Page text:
But he replied, “Lord, first let me go and bury my father.”
60 Jesus said to him, “Let the dead bury their own dead, but you go and proclaim the kingdom of God.”
61 Still another said, “I will follow you, Lord; but first let me go back and say goodbye to my family.”
62 Jesus replied, “No one who puts a hand to the plow and looks back is fit for service in the kingdom of God.”

6. As the time approached for Jesus to be taken up to heaven, what did he do? (See verse 51.)

7. Why didn’t one Samaritan village welcome Jesus? (See verse 53.)

8. What is the main point for us, as Jesus talks with three men separately about following him (verses 57–62)?


Answers:
1. When God saw how the Ninevites repented and turned from their evil ways, he had compassion and did not bring upon them the destruction he had threatened.

2. Jonah was so angry at God’s patience and mercy—which Jonah knew by heart from God’s description of himself in Exodus 34:6-7—that Jonah got irate. He told God he wanted to die. He refused to answer God when God asked him if he had a right to be so upset. (How similar we can be to Jonah! How opposite Jesus was!)

3. Paul listed as his credentials all the trials he had gone through, including imprisonment, frequent floggings and many dangers. He had often been near death.

4. Paul also felt daily the pressure of his concern for all the Christians in the churches he had helped start and had visited. When the people were weak, he felt weak. When believers fell into sin, it tore Paul up inside.

5. Paul boasted about his weakness, not his strengths. Final case in point: Paul began his ministry by narrowly escaping death in Damascus.

6. As the time approached for Jesus to be taken up to heaven, Jesus resolutely set out for Jerusalem. Literally, he “fixed his face for Jerusalem.” He was determined to die for us.

7. The people of the Samaritan village did not welcome Jesus, because he was heading for Jerusalem. Jews and Samaritans in Jesus’ day usually had strong dislike for each other. (Yet Jesus had mercy on these people.)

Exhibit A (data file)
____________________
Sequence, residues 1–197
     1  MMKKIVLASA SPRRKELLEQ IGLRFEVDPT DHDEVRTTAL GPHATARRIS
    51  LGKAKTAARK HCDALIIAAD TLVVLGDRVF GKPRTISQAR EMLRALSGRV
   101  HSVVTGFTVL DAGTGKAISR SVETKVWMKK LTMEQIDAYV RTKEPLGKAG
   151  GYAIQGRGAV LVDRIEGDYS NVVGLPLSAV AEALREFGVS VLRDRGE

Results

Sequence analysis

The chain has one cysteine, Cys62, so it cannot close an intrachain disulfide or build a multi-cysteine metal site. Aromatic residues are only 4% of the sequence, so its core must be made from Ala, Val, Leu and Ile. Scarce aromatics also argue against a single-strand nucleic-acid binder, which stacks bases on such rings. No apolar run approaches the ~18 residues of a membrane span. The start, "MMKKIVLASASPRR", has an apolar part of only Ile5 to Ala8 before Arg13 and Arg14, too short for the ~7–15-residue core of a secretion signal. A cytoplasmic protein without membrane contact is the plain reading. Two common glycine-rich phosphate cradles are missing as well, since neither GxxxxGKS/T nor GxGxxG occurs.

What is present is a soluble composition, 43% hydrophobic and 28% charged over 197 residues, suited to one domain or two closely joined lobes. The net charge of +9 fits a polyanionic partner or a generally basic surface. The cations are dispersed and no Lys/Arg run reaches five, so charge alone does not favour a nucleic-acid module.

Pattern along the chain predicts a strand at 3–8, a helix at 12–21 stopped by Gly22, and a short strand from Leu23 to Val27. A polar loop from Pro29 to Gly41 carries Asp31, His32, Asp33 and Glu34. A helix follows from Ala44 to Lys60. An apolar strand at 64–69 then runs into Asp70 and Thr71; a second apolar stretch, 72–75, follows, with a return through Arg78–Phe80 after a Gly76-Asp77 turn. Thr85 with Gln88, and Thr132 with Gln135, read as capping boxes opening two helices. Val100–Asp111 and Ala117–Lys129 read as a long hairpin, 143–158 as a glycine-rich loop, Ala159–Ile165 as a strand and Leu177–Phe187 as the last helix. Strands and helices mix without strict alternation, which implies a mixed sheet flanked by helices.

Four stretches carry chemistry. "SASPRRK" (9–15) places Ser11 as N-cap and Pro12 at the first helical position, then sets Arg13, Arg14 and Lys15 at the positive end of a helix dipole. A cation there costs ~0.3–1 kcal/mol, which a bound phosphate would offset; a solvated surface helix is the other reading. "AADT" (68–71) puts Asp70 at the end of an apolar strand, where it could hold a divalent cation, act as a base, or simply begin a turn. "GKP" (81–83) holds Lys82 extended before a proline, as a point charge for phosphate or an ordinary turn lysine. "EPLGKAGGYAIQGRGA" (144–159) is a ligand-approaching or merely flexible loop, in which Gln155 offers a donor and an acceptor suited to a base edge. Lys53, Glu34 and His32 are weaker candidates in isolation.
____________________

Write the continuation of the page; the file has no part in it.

8. The main point for us, as Jesus talks with three men about following him, is full dedication to Jesus and his kingdom. Halfway? No way.


Putting your faith into action
Corporations today often run what is known as a cost-benefit analysis. Before spending millions of dollars the company wants to know what real benefits will result. If the ultimate benefits to the company don’t outweigh the expenses, the project is killed. Most of us, at least subconsciously, do a cost-benefit analysis of our giving. To give time, energy, and money to church costs us something personal. If all we do is weigh the physical evidence, we will concentrate too much on what we are giving up. However, our relationship to the Lord is spiritual. If we look with spiritual eyes, we will see that the rewards of being part of God’s kingdom far outweigh the earthly cost.


A reading from the Book of Concord for Pentecost 6

This heresy is that the Mass justifies by the outward act, that when applied it merits the pardon of guilt and punishment even for the unjust if they do not present an obstacle.  We object to these deadly errors, which divert people from the glory of Christ’s passion and overthrow the doctrine about the righteousness of faith.  In the [Old Testament], the godless believed they merited the forgiveness of sins, not through faith, but through sacrifices. They increased these services and sacrifices, set up the worship of Baal in Israel, and even sacrificed in the groves in Judah.  Therefore, the prophets condemn this belief and war against not only the worshipers of Baal, but also other priests who made sacrifices ordained by God with this godless belief [1 Kings 18:1–40].  Carnal people cannot tolerate that the honor of an atoning sacrifice belongs solely to Christ’s sacrifice because they do not understand the righteousness of faith.  The godless priests in Judah held a false belief about such sacrifices; Baal worship even continued in Israel.  Nevertheless, a Church of God was there that objected to these godless services [1 Kings 19:18].  Baal worship remains in the realm of the pope: the abuse of the Mass.  They think they can merit the pardon of guilt and punishment for the unrighteous.  All who believe the Gospel should condemn these wicked services. – Apology of the Augsburg Confession, Article XXIV, The Mass (paragraphs 96-98)